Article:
Mobility 1 - Mobility status - Place of residence 1 year ago
Part A - Short definition:
Information indicating whether the person lived in the same residence on the reference day, May 10, 2011, as he or she did one year before, May 10, 2010. This means that we have 'movers' and 'non-movers.' There are different types of 'movers': people who moved within the same city or town (non-migrants), people who moved to a different city or town (internal migrants) and people who came from another country to live in Canada (external migrants).
Part B - Detailed definition:
Refers to the status of a person with regard to the place of residence on the reference day, May 10, 2011, in relation to the place of residence on the same date one year earlier. Persons who have not moved are referred to as non-movers and persons who have moved from one residence to another are referred to as movers. Movers include non-migrants and migrants. Non-migrants are persons who did move but remained in the same city, town, township, village or Indian Reserve. Migrants include internal migrants who moved to a different city, town, township, village or Indian Reserve within Canada. External migrants include persons who lived outside Canada at the earlier reference date.
Population aged 1 year and over residing in Canada, in private households
Derived variable: Question 23
This variable is derived from the following response categories: Lived at the same address as now; Lived at a different address, but in the same census subdivision (CSD) as now; Lived in a different CSD in Canada (respondent provides name of CSD [municipality] and province or territory); Lived outside Canada (respondent gives name of the country).
With respect to external migration, immigrants – persons who were residing outside Canada one year earlier, but within Canada on the reference day, May 10, 2011 – are counted. This is not to be confused with 'landed immigrants'; see Immigration: Year of immigration. When external migrants report their country of residence one year ago, they report the country based on current geographic boundaries.
Emigrants – persons residing in Canada one year ago, but not on the reference day, May 10, 2011 – are not counted.
Different types of internal migration are derived based on various aggregations of CSDs (e.g., to census divisions, census metropolitan areas). In-migration, out-migration, net internal migration, migration streams and origin-destination matrices can be produced from the database.
In-migration is defined as a movement into a CSD (or CSD aggregation) from elsewhere in Canada, within the 12 months prior to the reference day, May 10, 2011. Persons who made such a move are called in-migrants.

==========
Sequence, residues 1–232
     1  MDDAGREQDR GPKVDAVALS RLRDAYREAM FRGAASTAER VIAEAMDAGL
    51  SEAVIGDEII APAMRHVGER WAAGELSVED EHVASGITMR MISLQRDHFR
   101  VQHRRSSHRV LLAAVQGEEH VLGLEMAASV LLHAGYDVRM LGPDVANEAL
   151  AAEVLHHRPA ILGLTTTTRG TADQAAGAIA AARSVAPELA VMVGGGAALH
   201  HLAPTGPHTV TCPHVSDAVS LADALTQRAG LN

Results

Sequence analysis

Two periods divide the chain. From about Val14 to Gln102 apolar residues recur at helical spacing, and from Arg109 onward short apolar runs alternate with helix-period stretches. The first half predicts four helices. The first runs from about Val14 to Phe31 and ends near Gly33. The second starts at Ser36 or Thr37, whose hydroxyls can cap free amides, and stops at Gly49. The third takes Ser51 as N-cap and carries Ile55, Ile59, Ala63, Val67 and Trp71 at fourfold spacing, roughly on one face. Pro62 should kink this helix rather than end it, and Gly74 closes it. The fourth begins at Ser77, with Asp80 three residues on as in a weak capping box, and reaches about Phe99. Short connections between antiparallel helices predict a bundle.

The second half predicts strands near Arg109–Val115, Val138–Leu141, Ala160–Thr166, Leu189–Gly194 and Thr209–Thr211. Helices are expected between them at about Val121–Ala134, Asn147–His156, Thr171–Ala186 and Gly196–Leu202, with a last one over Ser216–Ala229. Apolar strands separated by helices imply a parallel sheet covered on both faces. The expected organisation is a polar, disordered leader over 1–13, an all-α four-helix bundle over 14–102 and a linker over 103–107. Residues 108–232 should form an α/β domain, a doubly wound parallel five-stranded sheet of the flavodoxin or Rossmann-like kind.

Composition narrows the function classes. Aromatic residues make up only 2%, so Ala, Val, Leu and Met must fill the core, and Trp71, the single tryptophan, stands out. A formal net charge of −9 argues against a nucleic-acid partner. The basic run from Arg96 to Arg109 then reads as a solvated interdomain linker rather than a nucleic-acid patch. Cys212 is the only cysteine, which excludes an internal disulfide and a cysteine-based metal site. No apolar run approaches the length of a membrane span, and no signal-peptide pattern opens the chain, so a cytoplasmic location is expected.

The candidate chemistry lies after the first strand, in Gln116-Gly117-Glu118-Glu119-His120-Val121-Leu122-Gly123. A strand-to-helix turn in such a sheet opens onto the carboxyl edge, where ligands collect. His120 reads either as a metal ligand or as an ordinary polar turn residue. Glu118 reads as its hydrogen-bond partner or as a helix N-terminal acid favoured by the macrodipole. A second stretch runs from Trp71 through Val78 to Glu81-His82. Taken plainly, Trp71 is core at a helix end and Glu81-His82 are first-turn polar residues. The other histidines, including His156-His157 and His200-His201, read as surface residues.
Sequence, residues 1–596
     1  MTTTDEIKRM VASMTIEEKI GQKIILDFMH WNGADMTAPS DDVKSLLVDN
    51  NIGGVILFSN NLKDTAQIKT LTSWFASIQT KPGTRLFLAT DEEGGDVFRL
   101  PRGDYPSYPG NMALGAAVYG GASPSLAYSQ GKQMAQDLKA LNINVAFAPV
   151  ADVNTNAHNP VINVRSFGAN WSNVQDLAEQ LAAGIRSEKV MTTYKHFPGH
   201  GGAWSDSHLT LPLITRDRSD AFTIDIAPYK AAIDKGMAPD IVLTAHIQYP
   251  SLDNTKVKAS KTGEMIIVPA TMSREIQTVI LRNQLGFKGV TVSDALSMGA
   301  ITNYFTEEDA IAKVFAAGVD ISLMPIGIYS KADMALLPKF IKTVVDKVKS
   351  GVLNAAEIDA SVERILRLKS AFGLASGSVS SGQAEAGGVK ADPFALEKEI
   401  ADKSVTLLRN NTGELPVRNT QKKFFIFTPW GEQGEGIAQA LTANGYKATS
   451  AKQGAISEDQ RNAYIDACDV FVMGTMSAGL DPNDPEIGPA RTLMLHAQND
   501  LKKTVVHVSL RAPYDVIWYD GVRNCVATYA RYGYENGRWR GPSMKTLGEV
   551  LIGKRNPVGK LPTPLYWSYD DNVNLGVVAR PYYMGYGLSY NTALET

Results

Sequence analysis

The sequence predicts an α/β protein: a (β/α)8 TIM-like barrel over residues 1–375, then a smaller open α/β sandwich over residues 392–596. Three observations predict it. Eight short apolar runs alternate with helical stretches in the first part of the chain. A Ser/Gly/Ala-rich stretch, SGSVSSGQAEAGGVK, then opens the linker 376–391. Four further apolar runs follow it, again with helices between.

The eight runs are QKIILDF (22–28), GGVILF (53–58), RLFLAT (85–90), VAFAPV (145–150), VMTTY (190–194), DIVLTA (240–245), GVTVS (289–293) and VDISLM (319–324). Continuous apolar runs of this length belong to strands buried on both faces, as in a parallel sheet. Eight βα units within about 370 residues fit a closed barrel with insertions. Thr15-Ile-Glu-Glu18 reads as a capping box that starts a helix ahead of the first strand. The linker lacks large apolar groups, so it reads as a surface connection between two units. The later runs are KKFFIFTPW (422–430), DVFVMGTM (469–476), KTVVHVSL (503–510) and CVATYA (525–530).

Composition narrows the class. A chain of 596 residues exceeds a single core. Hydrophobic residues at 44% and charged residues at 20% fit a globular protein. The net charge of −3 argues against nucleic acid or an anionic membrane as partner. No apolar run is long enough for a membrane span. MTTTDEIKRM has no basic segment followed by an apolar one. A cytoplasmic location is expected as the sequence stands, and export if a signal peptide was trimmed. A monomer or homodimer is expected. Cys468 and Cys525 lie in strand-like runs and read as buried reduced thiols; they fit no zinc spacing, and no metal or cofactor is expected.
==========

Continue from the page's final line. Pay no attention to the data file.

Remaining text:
Out-migration is defined as a movement out of a CSD (or CSD aggregation) to elsewhere in Canada, within the 12 months prior to the reference day, May 10, 2011. Persons who made such a move are called out-migrants.
Net internal migration refers to the number of in-migrants into a CSD (or CSD aggregation) minus the number of out-migrants from the same CSD (or CSD aggregation), within the 12 months prior to the reference day, May 10, 2011.
Migration stream refers to a body of migrants having a common CSD (or CSD aggregation) of origin and a common CSD (or CSD aggregation) of destination.
Origin-destination matrix refers to data on migrants, cross-classified by area of origin (CSD or CSD aggregation) and area of destination (CSD or CSD aggregation) to form a matrix of streams, or a set of pairs of streams, each pair representing movement in opposite directions.
The concept of 'migrants' is defined at the CSD level. For geographic levels below the CSD, such as collection units (CUs), dissemination areas (DAs) and census tracts (CTs), the distinction between the migrant and non-migrant population refers to the corresponding CSD of the CU, DA or CT. For example, migrants within a CT are those persons who moved from a different CSD, while non-migrants are those who moved within the same CSD, although they moved in from a different CT in the same CSD or moved within the same CT.
When tabulating the usual place of residence one year ago by current place of residence, all geographic areas reflect the 2011 Census boundaries, even when referred to as places of residence in 2010. This applies to all boundary changes between censuses (e.g., census metropolitan areas, census divisions and census subdivisions).
The reader is directed to Figure 2.3, where the relationship between the 2011 National Household Survey (NHS) question on place of residence 1 year ago and the mobility status (1 year ago) conceptual framework is illustrated.
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